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World Championships Introduction

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The letter T!he 2007 Magic: The Gathering World Championships have just gotten under way with 387competitors representing 61 countries, the largest World Championship on record. First up for competition is the Standard format which has been shaken up quite a bit since a number of control decks took the top honors at the recent Grand Prix–Krakow. Will Sonic Boom and Blue-White Pickles return to take the top slots at the World Championships? We've got five rounds before we'll know for certain, but a quick check with the dealers revealed plenty of blue cards still in stock. The best sellers? Said one dealer "If it's uncommon and in Coldsnap, we're out."

The parade of national champions.

The ceremonies kicked off Friday evening with a parade of national champions proudly carrying in their respective countries' flags. Following that the 2007 Hall of Fame class was inducted and Zvi Mowshowitz, Randy Buehler, Tsuyoshi Fujita, Nicolai Herzog, and of course Kai Budde joined the game's elite classes from 2005 and 2006 in being recognized as some of the best to ever sling spells. Fujita, surprising everyone by dressing up in a kimono-style tux, stole the show when his achievements and contributions to the Japanese Magic scene, now the most dominant country in the game, were regaled for all to reminisce over (though to be fair, the applause for the one and only Kai Budde threatened to extend the ceremony late into the night as it seemed everyone in the house was excited to see the return of the Juggernaut).

The newly inducted Hall of Famers, from left: Tsuyoshi Fujita, Nicolai Herzog, Kai Budde, Zvi Mowshowitz, and Randy Buehler

From the front of the hall the ever-present Serra Angel statue keeps a close guard on all those who enter and leave, and this year her task is even more important: she stands watch over the Toyota FJ Cruiser being given away to one lucky tournament participant later this weekend. The car, which features special Magic side panels, will be awarded to the winner of a special tournament on Sunday. To qualify for that tournament players won slots in a number of Northeast Challenge qualifier tournaments held over the past year across the United States. And if you don't live in the United States or couldn't find one of the NEC Qualifiers? Players also have nine chances to win a slot this weekend at events running concurrent to the main tournament.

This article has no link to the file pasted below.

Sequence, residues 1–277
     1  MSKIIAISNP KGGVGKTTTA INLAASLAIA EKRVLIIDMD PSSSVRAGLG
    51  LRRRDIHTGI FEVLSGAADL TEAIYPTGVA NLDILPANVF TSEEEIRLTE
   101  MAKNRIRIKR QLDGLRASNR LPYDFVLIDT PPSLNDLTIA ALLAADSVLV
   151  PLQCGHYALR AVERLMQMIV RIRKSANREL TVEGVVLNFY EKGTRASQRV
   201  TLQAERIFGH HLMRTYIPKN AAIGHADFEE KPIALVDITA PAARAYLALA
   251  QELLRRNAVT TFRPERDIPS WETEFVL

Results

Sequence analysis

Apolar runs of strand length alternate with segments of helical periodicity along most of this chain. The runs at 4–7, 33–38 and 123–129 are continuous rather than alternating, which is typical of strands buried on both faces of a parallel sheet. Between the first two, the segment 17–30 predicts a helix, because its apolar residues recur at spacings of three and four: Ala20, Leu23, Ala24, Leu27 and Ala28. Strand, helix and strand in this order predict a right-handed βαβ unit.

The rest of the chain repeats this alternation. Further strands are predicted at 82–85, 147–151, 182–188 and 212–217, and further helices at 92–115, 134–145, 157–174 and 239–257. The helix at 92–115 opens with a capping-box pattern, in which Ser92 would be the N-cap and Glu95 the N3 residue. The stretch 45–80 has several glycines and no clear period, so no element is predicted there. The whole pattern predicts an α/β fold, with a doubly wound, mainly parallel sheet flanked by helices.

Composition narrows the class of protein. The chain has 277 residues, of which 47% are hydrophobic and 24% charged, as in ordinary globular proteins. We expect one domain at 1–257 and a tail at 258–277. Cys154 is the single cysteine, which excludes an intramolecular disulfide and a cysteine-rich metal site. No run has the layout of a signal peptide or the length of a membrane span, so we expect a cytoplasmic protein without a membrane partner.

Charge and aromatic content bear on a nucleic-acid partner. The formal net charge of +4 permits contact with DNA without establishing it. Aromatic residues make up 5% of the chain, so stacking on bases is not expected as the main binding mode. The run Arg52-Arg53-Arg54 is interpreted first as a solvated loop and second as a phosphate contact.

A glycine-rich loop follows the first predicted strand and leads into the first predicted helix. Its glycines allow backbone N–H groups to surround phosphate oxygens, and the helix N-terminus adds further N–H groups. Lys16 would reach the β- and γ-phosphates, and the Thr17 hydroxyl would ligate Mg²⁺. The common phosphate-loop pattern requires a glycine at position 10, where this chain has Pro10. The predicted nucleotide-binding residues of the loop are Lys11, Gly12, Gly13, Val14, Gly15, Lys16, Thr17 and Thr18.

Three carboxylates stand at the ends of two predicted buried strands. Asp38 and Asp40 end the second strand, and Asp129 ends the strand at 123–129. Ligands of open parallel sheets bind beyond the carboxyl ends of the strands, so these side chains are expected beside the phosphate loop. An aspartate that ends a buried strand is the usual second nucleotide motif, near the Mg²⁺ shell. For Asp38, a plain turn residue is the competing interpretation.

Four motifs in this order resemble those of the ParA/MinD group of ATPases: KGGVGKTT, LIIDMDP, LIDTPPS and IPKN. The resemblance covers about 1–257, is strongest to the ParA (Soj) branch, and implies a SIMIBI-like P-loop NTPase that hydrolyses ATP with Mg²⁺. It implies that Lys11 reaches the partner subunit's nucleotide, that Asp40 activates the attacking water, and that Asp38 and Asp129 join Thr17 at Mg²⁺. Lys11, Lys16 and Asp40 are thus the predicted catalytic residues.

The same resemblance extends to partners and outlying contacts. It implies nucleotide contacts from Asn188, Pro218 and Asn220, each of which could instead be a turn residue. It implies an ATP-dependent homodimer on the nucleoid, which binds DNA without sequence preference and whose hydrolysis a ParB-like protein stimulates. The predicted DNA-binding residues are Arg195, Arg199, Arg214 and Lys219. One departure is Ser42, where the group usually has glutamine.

Following the five rounds of Standard on the first day of competition, players will sit down for three rounds of triple Lorwyn booster draft. Friday they'll return for three more rounds of draft and then five rounds of Legacy, a format new to the World Championships. It seems the professional community, which can't rely on Magic Online to test the format in its entirety, isn't quite sure what to make of the unique addition to the schedule. Some theorized that players would replicate their plans from the 2006 World Championships in which numerous pros simply defaulted to the red-white aggro deck called "Boros" for Extended, seeking a consistent deck able to take them to the Top 8 instead of hammering out the nuances of the format. Will that mean lots of Goblins and Threshold with little innovation? We'll have to wait until Friday to see, but somehow it seems likely we'll see a few surprises.

Saturday will feature the team competition in which all the teams representing countries officially will compete in Two-Headed Giant drafts. Over the course of six rounds they'll do three separate drafts with the top two finishing teams competing on Sunday during the Team Championships portion of the final day. Opposite them will be the individual event Top 8 in which the 2007 Magic: The Gathering World Champion will be crowned!

Check back throughout the day as your coverage team brings you the latest news from the front lines.

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